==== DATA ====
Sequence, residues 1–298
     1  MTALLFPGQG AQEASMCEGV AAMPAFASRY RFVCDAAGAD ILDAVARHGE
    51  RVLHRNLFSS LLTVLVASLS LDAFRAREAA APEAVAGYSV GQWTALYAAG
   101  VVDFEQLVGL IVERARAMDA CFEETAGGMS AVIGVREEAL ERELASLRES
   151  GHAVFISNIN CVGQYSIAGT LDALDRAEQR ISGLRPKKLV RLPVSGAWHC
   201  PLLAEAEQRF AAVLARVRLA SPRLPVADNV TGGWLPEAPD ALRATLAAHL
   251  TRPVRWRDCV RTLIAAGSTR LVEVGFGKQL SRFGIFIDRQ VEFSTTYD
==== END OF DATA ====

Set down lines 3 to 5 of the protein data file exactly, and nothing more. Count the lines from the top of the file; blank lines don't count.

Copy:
    51  RVLHRNLFSS LLTVLVASLS LDAFRAREAA APEAVAGYSV GQWTALYAAG
   101  VVDFEQLVGL IVERARAMDA CFEETAGGMS AVIGVREEAL ERELASLRES
   151  GHAVFISNIN CVGQYSIAGT LDALDRAEQR ISGLRPKKLV RLPVSGAWHC